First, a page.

IMPORTANT NEW NOTES FROM JUSTIN:
US Tour Day 105: Modesto, California
Stupid computer. Stupid video chip delaminating from the mother board. Stupid me for not taking better care of the thing. You'd think I would've learned after ruining two others by mistreating them.
My dad and brother and I took the defunct iBook apart—partly because I was irritated at it and wanted to see it in a million pieces, partly because I wanted some of the parts to give to friends.
I felt great throwing the disassembled computer into the garbage bin. It had wronged me, and I rejoiced in its punishment.
We celebrated the way I usually do, by eating cheap Mexican food. I asked my dad if we could go to this place by Inga's house in the bad part of Modesto. I had to laugh when he asked why I chose this particular restaurant. I answered honestly. I had driven by it the day before. It was the shabbiest looking place I'd seen in a long time. It looked unsafe, unclean, and like the kind of place that had really uncomfortable seats.
Strangely, my father didn't exactly understand why these characteristics would make someone want to eat there.
I explained it has been my experience that both the food quality and cost–value of Mexican food are inversely proportional to a given restaurant's cleanliness, modernness, and quantity/quality of seating.
Basically, a Mexican place with immaculate floors, fancy signs and menus with all the words spelled right, comfy booths with adequate lighting, and restrooms where you won't get scabies mean the same things every time: the food will not be as good as it costs. The kind of place where you're scared to sit down (not that there is anywhere to sit down), the place where the sign is painted with leftover house paint on a piece of plywood they probably found in a dumpster, the one that doesn't even have fountain soft drink technology, now that is the place for heavenly value and taste.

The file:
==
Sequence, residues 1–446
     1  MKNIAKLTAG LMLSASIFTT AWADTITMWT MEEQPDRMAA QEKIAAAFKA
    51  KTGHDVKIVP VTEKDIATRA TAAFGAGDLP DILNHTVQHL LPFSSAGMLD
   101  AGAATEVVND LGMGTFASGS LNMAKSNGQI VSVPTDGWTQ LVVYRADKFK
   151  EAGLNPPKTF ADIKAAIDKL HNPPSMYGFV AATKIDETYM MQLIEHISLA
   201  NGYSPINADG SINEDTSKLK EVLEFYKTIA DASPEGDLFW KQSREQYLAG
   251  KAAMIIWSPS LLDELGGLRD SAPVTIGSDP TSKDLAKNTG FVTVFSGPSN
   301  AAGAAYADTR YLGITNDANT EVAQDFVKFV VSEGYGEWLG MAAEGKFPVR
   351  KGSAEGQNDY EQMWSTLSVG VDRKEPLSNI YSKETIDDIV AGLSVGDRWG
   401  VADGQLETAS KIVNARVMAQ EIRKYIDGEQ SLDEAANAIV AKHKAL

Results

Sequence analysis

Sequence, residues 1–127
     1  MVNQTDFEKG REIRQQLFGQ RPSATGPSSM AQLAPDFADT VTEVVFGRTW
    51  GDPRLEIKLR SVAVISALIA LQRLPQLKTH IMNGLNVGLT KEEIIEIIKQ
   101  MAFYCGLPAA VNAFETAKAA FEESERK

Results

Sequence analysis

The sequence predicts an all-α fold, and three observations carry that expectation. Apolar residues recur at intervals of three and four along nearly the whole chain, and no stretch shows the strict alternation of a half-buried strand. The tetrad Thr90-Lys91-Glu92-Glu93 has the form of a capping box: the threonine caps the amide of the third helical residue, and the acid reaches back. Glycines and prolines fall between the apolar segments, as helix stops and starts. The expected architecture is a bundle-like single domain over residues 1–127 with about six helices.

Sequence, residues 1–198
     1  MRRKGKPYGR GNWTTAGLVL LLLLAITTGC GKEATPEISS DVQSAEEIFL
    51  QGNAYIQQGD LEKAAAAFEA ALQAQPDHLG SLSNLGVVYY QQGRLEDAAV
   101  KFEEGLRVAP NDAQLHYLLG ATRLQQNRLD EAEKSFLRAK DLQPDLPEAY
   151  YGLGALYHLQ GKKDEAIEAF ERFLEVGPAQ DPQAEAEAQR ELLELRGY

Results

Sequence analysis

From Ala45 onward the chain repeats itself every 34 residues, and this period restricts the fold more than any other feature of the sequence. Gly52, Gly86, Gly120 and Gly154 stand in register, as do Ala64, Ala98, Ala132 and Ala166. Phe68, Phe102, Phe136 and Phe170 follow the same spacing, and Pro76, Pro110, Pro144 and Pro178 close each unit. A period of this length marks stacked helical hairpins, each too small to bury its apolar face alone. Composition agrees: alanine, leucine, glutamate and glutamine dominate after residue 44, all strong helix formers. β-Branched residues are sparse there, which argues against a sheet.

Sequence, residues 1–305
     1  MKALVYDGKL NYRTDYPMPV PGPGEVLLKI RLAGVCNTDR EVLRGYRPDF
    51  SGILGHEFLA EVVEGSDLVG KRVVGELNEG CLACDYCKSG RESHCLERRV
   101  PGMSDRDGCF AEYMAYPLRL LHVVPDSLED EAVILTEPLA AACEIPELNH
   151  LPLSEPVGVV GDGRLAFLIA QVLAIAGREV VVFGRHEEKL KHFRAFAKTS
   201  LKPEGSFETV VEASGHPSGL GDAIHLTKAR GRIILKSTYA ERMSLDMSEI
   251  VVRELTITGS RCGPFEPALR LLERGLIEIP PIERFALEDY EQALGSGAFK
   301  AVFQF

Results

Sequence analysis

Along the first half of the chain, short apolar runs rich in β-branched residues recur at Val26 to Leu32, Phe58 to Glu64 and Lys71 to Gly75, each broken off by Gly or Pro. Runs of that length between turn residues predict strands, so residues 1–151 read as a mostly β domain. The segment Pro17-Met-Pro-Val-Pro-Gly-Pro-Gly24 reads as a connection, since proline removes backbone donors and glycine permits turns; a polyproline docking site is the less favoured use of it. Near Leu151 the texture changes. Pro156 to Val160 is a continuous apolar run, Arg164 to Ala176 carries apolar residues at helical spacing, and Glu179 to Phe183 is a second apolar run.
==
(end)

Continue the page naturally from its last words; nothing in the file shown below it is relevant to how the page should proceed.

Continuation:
As soon as my dad parked the car I knew this was the best place in town. Outside restrooms are always the filthiest restrooms and a sure sign of a dodgy operation. These low–budget restroom solutions require patrons to leave the dining area and go to a door around the side of the building. My dad had parked right in front of the door to their feculent, little toilet cave.
Now, not only were they showing signs of glory by having outside restrooms, but they'd also done something even better than the usual misspellings. The masterminds behind this classy operation transcended misspelling—and language itself—by making a gross error in what were supposed to be "universal" pictograms! The man and woman figures on the restroom door each had only one leg!
I couldn't wait to go in and see their seating area!
Once inside, my dad pointed out that they definitely had plenty of food splattered on their windows. Oh, and the floor, too. The seats were plastic and orange and looked old and terribly unpleasant. Abrasive Mexican omm–pa–pa music blared from the ratty jukebox making conversation difficult.
By this point my mouth was totally watering. It was as if this restaurant had been perfectly engineered according to my theories! I wondered, would it be chicken or carnitas today? I could see the news headlines in my mind, "Dozens Injured in Taste Explosion."
Oh, how my mouth celebrated that day! I ate some of the most glorious carnitas I'd tasted since my last visit to Mexican Fast Food in Tucson, Arizona. And my wallet celebrated, too. My whole meal was less than $4, including a cistern–sized soft drink that tasted a lot like a cistern, too!
I was pleased to find more evidence supporting my Mexican Food Theory, and the day felt like a victory—even without a working computer. Hopefully I won't come down with any debilitating after–effects from the Mexican food experiment!
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